Florida is a destination State for many people as the population within the US shifts from the Snow Belt to the Sun Belt. Moving to Florida from another State comes with some distinct requirements that many people are uncertain about in connection with Insurance; Auto & Home. Below we will discuss some of the items to check off of your list.
When you move to Florida permanently, the State requires you to obtain a Florida Drivers License within your first 30 days. This requirement is independent of your personal auto insurance. However, now that I bring that up, I would recommend notifying your insurance carrier the day you officially move. Your auto policy was rated based off of a garaging address in another State. In the event you do not notify the Carrier and you have a substantial loss; they could have an objection to the claim based upon Material Misrepresentation of Fact.
Obviously, if you are making a move of this magnitude, it is a good idea to talk with your agent in advance. This way, they can help propose options that will best protect you post move. Also, the rates may be more than you are accustomed to and that is a surprise no one likes. Moreover, waiting until late in the games gives you less options to maneuver. They may not be licensed to represent you in Florida. Alternatively, they may have limited markets available to represent you. In either of those cases, it is prudent to discuss your scenario with a Florida Insurance Expert who can help guide you.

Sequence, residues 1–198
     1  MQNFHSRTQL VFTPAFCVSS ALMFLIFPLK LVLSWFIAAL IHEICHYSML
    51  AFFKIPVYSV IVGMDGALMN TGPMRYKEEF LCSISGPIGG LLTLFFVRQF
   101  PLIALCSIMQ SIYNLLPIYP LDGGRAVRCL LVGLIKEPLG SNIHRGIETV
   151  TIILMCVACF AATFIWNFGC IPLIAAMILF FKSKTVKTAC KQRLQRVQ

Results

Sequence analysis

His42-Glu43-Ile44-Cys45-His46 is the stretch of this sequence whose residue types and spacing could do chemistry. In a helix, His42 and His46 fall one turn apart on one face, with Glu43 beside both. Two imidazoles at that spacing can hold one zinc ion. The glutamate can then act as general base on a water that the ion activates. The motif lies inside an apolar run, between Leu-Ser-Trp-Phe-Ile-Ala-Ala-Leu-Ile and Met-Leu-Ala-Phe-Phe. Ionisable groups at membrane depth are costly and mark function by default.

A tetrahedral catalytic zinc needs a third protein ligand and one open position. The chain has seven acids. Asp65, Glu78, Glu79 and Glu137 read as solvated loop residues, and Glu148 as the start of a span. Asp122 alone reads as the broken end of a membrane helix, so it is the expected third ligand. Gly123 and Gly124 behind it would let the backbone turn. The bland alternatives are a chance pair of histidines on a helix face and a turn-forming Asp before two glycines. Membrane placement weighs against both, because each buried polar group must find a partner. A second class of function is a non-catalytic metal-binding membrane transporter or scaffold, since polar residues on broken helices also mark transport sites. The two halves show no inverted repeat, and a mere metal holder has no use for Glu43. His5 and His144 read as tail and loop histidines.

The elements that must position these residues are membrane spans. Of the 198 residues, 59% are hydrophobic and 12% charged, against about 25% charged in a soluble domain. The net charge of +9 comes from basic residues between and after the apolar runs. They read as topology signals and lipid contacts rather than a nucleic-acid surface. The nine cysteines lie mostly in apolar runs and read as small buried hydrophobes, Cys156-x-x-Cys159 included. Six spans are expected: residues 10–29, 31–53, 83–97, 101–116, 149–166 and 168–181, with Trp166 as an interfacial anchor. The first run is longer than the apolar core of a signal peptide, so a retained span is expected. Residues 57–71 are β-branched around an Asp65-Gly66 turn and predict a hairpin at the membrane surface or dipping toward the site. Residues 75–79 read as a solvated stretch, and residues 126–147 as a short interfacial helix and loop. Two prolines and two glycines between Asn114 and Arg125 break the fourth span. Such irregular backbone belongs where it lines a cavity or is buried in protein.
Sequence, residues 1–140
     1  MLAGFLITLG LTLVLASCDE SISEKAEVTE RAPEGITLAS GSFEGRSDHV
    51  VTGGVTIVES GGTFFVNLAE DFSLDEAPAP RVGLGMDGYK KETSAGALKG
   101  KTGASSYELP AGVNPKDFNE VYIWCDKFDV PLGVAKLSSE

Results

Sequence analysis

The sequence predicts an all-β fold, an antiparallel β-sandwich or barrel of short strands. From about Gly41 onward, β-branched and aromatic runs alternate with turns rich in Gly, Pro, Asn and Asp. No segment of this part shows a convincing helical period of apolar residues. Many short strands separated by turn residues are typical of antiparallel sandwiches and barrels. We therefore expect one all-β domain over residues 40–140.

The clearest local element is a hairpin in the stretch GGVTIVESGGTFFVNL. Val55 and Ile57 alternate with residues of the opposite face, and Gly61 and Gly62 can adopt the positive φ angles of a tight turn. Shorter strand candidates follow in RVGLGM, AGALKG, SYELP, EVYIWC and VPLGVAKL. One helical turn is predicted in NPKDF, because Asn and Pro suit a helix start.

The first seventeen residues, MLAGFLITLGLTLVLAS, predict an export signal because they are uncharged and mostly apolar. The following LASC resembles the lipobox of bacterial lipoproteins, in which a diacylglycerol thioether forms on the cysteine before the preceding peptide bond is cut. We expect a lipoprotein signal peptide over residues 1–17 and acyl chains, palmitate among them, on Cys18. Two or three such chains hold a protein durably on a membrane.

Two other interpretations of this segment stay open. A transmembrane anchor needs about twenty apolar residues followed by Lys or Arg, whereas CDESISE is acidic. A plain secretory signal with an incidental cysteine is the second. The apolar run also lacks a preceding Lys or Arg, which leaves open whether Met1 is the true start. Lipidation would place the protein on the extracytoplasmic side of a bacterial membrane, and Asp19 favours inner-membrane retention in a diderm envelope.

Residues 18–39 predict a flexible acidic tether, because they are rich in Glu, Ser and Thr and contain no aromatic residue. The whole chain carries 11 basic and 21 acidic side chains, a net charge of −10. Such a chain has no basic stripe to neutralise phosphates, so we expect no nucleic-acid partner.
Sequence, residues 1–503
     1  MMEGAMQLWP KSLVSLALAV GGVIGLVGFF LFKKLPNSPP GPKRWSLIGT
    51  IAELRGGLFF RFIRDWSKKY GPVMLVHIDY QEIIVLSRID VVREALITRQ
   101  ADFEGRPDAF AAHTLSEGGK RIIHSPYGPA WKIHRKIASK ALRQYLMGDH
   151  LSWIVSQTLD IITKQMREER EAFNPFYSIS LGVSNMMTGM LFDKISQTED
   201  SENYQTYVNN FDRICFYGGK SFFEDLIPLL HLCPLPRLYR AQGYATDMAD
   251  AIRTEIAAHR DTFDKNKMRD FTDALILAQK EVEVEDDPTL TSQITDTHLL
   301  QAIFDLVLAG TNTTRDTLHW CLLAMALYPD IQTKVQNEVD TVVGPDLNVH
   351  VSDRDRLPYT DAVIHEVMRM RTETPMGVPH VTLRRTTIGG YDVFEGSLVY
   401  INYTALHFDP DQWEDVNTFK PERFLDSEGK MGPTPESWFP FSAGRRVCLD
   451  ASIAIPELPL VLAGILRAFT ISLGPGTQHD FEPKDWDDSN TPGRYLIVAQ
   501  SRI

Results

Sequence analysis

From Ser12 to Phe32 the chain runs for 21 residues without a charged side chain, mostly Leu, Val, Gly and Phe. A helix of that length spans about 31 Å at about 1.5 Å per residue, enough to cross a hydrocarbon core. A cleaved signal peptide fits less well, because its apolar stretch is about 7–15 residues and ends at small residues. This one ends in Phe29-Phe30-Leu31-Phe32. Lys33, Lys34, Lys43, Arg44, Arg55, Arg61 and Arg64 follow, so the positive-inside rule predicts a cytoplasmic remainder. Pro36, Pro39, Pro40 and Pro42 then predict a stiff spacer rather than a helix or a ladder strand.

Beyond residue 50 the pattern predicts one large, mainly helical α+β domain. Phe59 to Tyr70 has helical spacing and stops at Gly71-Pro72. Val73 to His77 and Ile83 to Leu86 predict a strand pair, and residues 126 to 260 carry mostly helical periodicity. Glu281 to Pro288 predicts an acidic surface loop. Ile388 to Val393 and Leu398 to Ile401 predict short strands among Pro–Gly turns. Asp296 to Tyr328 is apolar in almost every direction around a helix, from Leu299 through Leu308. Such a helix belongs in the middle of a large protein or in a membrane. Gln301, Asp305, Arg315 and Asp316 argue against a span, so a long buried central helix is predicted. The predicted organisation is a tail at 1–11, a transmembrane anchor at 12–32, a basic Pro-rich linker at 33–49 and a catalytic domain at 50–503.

If you are buying a Home or a Condo, Insurance pricing is driven by exposure to Wind as we are exposed to Hurricanes. As such, there are specific inspections called a Wind Mitigation Inspection & a 4 Point Inspection which documents the construction steps that were taken to mitigate wind losses. These inspections are not synonymous with a general property inspection (although they can often be done by the same inspection company). The credits detailed on these can save you thousands of dollars every year so it is imperative you get your hands on them. Total cost for both is about $125. If you are moving to a condo, you can often ask the management office if they have a copy on file.
Along the same lines, if you are buying a home and the home is located in a high hazard Flood Zone as defined by FEMA, there is the potential for savings if your home is elevated. The concept is, the water will not flow up to your home. The way positive elevations are demonstrated are by an Elevation Certificate by a licensed engineer with time stamped photos. If you are in that scenario, you need that which can run an additional $250-500.
Collect all these inspections and send it over to us and we will ascertain you get the appropriate coverage for your Homeowners Insurance; Flood Insurance, & Auto Insurance Respectively.
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